Isolated peripheral blood mononuclear cells were cultured (at 37°C, 5% CO2, 95% relative humidity for 48 h) in either 2 ml of complete culture medium (0.5 × 106 cells/ml) and PHA (5 μg/ml; PHA-positive culture) or 1 ml of complete culture media (unstimulated tube). Complete culture medium consisted of RPMI 1640 with l-glutamine (300 mg/l) (GIBCO Life Technologies, Burlington, ON) supplemented (40 g/l) with fetal bovine serum (Sigma), 25 mM HEPES buffer (GIBCO Life Technologies), 2.5 μmol/ml 2-mercaptoethanol, and 100 μg/ml antibiotic/antimycotic saline solution containing penicillin G sulfate (10,000 U/ml), streptomycin sulfate (10,000 μg/ml), and amphotericin B (25 μg/ml) (GIBCO Life Technologies). After incubation, tubes were centrifuged at 200 g for 10 min at 4°C to pellet cells. Supernatant was collected and stored at −70°C for subsequent cytokine analysis. The ability of peripheral blood mononuclear cells to produce proinflammatory (IL-1α, TNF-α, IL-6) and anti-inflammatory (IL-4, IL-10, TGF-β1) cytokines was assessed in the unstimulated and mitogen-stimulated supernatant using ELISA kits (BD Bioscience for TNF-α, IFN-γ, IL-6, IL-4, IL-10, and TGF-β1; R&D Systems, Minneapolis, MN, for IL-1). All of the samples were analyzed using assay kits from a single lot before the expiration date of the assay kit. Each assay was performed in one batch (i.e., baseline and week 15 assessment of each analyte for exercise and control group participants were performed in one batch). All mean intra-assay coefficients of variation were ≤6.59%.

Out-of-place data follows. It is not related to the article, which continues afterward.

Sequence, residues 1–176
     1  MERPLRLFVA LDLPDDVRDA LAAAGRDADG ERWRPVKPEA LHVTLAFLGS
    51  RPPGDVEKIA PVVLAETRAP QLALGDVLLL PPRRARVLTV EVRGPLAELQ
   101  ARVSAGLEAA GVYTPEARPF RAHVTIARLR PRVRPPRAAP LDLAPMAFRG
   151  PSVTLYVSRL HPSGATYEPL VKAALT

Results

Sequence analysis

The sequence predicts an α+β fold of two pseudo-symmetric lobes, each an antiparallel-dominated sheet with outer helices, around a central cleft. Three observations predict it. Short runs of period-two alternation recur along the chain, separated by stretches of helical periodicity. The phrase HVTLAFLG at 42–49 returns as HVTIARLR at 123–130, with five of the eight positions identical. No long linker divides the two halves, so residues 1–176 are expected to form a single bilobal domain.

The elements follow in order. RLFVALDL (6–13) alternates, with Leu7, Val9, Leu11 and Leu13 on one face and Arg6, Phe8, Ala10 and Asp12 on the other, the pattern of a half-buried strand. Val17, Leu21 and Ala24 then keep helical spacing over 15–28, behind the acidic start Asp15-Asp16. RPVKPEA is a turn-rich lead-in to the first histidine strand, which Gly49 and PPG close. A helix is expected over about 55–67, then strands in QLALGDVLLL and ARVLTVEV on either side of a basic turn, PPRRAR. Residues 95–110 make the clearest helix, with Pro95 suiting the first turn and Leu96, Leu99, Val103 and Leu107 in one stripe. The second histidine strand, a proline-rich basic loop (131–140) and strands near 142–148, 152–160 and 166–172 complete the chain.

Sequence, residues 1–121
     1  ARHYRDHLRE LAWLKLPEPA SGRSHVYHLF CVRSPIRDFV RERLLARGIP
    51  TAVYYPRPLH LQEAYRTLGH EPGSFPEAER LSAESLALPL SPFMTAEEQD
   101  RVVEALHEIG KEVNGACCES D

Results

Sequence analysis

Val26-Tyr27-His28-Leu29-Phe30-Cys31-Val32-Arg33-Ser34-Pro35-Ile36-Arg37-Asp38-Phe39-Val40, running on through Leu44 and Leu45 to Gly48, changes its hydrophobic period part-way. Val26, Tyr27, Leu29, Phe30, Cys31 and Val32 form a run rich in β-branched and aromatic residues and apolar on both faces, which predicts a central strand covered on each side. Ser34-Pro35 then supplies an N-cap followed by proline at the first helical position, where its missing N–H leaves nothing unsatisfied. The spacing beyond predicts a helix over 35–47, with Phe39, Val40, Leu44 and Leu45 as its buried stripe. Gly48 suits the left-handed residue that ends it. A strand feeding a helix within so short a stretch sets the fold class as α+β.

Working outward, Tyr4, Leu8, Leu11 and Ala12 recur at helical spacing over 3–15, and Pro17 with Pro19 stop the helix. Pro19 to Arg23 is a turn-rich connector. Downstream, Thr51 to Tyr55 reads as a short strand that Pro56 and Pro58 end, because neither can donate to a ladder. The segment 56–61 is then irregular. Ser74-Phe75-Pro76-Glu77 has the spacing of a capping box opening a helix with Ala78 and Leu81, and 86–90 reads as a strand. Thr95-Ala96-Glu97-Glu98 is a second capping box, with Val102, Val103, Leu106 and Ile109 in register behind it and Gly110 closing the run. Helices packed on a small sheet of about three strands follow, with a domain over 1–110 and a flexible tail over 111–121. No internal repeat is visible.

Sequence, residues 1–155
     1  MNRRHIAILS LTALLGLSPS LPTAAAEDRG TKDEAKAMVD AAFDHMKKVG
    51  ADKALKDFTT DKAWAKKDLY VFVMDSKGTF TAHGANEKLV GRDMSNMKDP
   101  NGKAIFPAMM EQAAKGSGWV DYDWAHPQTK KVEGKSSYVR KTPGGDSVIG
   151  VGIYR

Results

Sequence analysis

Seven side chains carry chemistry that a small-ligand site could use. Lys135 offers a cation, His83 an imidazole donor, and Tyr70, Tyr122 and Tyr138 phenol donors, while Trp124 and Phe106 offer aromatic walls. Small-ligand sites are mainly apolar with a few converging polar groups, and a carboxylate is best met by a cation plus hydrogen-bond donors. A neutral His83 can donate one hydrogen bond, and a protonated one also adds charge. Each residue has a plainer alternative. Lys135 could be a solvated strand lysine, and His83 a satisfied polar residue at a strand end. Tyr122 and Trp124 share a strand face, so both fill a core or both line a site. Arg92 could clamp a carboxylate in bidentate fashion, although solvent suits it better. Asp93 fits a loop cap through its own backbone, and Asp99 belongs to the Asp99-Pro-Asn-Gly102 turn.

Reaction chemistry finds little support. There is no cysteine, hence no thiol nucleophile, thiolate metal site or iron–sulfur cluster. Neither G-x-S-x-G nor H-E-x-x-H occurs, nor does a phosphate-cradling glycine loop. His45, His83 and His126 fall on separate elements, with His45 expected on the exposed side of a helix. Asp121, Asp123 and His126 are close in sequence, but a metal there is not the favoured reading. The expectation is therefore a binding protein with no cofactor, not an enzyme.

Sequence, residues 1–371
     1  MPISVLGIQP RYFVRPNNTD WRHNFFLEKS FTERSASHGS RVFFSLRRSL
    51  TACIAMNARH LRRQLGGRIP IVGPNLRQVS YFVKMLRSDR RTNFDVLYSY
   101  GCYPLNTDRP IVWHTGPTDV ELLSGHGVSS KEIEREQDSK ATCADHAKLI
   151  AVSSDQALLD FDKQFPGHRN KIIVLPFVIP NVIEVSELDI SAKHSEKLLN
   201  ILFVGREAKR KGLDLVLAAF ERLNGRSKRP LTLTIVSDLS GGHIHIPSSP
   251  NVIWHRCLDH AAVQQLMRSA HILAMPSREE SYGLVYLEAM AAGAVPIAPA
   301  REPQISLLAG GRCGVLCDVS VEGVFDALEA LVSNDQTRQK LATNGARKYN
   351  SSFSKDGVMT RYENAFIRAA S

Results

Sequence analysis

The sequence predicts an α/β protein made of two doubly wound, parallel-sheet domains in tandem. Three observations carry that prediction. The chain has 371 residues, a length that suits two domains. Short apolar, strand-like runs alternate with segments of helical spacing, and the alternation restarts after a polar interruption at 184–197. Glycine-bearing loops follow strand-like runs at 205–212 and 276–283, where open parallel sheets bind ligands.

Adverse events.

All adverse events reported by the participant or observed by the investigators were recorded. An adverse event was defined as any adverse change from the participant's baseline condition, regardless of whether it was considered related to exercise training.

Adherence to the exercise intervention.

Exercise trainers monitored adherence to the intervention. Physical activity levels both at baseline and outside of the exercise training intervention during the trial in the exercise and control groups were assessed using the leisure score index of the Godin Leisure Time Exercise Questionnaire (12). Participants completed the leisure score index every 2 wk over the 15-wk intervention.

Statistical analysis.